Mindblowing molecular biology animations

You simply have to watch this TED talk. Some new animations are revealed that show our latest understanding of how cellular and sub-cellular structures, such as our DNA, RNA machines, chromosomes etc, work.

The sheer beauty, complexity and magic of our cellular reality will blow you away.

TED talk on Animations of unseeable biology

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The story of flavorful heirloom corn

The story of flavorful heirloom corn

I hope more heirloom/ genetically diverse crops come back into our fields and onto our plates. It is a real pity that commercial considerations have pushed out foodcrop species towards monoculture and low generic diversity.

We now have a chance of turning back this direction and re-kindling lost varieties that deliver more flavor and nutrition.

“So why did farmers stop growing this corn? For everything that New England Eight Row Flint corn has going for it in terms of flavor, its big downside is that it doesn’t produce many cobs. It’s a low-yield corn.

“That’s why farmers moved to higher-yield [varieties],” explains Algiere. “They can get more corn per acre at lower quality.” Farmers produce for bulk because they’re paid by the bushel, not by the color or the flavor.

So varieties such as New England Eight Row Flint corn may produce great taste, but they’re not really commercially viable unless you convince more people to pay for taste over volume.

That’s what chef Barber is doing at Blue Hill. He serves a polenta made from the Eight Row Flint corn grown at Stone Barns.

And when I tasted it, I was surprised. The polenta tasted as if he had added butter. It was creamy and flavorful. Diners who have been turned onto it say the flavor is stunningly complex. “It’s kinda crazy,” he says.

The taste is coming directly from the corn.

Barber says this corn is just one example of what can happen when crops are bred to be flavorful and colorful, not just big.

The chef says he hopes this story becomes more than just a foodie fascination with heirlooms because he thinks there’s more at stake here about the way our food is grown.

“What I’ve come to learn from this experience is that if you are pursuing great flavor,” he says, “you are pursuing great nutrition. It’s one and the same.”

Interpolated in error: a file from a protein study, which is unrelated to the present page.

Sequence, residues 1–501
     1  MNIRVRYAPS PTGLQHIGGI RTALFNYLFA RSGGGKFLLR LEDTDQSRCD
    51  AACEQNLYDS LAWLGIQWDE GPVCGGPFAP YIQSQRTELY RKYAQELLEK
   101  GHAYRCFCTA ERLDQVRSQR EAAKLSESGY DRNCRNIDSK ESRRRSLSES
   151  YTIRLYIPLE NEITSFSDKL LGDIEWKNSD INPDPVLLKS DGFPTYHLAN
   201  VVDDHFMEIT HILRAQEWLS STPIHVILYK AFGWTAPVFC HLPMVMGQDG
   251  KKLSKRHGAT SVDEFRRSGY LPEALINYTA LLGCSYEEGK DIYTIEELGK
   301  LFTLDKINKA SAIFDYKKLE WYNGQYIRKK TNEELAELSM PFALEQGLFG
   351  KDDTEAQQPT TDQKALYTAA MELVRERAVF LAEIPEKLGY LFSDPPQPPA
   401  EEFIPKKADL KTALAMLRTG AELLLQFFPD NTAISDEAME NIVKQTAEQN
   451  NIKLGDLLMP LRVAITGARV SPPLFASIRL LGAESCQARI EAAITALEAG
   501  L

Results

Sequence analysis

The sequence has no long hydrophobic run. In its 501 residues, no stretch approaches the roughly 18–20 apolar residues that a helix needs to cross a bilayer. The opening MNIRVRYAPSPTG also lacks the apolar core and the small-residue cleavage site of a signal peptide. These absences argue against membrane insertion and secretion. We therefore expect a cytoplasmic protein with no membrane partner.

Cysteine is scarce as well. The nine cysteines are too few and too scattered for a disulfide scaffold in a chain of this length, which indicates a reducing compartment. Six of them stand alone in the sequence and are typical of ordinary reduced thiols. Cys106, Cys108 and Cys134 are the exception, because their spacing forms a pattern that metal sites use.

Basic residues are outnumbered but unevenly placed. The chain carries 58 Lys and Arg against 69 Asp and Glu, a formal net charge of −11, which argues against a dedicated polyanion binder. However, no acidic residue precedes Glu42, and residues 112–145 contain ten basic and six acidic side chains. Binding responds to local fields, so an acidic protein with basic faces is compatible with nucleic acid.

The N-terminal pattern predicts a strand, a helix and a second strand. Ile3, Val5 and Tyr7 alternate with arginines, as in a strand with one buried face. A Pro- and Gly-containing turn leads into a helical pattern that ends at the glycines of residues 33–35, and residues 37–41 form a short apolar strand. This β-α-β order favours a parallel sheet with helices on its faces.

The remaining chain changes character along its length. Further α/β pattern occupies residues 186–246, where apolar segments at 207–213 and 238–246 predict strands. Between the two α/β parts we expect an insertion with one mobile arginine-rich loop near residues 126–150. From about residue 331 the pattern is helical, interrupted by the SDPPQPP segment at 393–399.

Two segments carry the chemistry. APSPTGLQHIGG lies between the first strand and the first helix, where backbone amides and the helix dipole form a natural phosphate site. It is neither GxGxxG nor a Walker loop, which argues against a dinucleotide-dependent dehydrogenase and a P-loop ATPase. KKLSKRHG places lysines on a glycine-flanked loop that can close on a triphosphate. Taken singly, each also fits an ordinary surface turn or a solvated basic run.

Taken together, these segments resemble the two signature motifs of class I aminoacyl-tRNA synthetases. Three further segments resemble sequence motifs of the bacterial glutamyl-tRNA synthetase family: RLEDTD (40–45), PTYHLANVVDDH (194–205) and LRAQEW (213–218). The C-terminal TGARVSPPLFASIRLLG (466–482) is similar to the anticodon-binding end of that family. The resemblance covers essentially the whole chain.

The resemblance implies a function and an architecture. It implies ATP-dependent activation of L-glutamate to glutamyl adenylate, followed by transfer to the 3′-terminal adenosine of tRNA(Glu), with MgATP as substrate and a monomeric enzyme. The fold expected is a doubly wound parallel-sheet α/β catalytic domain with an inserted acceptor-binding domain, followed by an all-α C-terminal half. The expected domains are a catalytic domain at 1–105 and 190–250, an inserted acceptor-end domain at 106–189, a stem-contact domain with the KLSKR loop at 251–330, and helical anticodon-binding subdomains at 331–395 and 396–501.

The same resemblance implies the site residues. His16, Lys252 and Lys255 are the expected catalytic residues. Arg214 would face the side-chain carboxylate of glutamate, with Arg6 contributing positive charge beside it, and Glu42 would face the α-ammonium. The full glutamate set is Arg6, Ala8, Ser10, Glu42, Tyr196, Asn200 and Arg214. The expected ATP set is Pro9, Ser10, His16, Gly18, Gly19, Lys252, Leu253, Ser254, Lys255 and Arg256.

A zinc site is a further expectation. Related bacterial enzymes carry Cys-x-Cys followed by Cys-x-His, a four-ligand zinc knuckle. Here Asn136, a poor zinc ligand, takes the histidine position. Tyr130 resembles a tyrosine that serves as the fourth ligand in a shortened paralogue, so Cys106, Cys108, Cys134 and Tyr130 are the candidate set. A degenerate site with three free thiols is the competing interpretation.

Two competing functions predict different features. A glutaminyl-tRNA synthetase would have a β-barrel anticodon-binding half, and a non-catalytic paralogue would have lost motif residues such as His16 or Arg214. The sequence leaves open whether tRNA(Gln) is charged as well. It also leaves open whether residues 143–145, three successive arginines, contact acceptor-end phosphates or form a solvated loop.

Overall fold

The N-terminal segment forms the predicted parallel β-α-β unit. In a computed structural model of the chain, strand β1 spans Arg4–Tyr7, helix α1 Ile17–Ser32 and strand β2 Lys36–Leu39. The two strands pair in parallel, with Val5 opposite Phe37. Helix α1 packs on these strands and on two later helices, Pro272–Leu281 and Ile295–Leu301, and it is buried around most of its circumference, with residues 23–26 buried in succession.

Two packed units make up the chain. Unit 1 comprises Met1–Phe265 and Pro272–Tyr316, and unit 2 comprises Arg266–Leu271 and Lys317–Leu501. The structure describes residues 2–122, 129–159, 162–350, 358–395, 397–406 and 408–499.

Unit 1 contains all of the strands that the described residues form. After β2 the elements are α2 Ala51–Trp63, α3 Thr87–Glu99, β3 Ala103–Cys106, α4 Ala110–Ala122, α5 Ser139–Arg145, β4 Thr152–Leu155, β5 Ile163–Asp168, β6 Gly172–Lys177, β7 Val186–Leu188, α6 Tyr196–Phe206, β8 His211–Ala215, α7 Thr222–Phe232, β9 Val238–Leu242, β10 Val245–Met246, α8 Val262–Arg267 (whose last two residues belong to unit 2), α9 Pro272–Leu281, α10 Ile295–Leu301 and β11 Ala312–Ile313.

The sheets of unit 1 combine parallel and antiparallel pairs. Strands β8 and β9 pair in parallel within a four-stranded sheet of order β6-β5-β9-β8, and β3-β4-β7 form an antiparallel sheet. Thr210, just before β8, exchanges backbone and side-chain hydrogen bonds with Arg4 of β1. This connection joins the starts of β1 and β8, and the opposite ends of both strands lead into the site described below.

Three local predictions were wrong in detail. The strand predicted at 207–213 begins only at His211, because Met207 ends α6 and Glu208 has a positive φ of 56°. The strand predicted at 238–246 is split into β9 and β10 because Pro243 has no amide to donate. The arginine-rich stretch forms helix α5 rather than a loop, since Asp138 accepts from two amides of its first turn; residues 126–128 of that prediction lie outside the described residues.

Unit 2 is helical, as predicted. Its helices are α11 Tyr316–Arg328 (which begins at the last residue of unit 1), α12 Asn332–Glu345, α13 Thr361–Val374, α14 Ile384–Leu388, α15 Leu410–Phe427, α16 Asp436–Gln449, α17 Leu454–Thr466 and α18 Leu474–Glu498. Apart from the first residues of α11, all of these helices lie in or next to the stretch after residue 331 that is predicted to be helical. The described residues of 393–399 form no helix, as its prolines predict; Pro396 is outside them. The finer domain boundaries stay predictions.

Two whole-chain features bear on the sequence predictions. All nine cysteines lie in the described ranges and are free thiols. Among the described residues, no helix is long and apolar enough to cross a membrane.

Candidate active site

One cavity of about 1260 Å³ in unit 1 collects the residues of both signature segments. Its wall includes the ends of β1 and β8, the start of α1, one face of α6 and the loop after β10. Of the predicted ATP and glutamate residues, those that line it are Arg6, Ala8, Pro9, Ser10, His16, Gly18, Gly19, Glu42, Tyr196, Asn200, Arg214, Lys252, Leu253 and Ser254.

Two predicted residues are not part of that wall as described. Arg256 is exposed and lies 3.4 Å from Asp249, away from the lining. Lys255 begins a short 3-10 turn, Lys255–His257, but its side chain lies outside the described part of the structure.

Reviving an heirloom corn (NPR)

Cleaning up the oceans

Cleaning up the oceans

The oceans are suffering from a variety of human created problems. We tend to think of the oceans as these vast, clean, empty spaces, but the reality is very different. Our planet greatly depends on the health of the oceans. Oceans teem with an extraordinary variety of life, and the oceans are suffering greatly, they aren’t clean anymore. In fact they suffer from pollution of all sorts: chemical, plastic, household items, ecological (introduced species), even noise (military sonars send whales beaching themselves on mass or unable to communicate).

On top of these there’s acidification, algal blooms etc, all issues that can be improved with more care: acidification is a hard one as we need to reduce our carbon footprint overall so atmospheric CO2 can stop rising so rapidly. Algal blooms are a bit easier, we can demand companies to be more environmentally friendly and stop fertiliser runoffs into waterways. We can also put pressure on federal and local politicians to clean up the coastline and implement more environmentally friendly politics. We can also stop or reduce consuming items that directly contribute to poisoning the oceans: meat, plastic wrappings etc.

“A non profit group announced on May 14th that a global “ocean clean up” effort on Sept. 15, 2012 netted an astonishing 5,000 tons of trash.
Among the pieces of rubbish collected were more than 2 million cigarette butts and filters, 4,159 candles, 40 lottery tickets and 2,492 baseballs.”

Here are ten ways that can help clean up the oceans. We can all do our bit.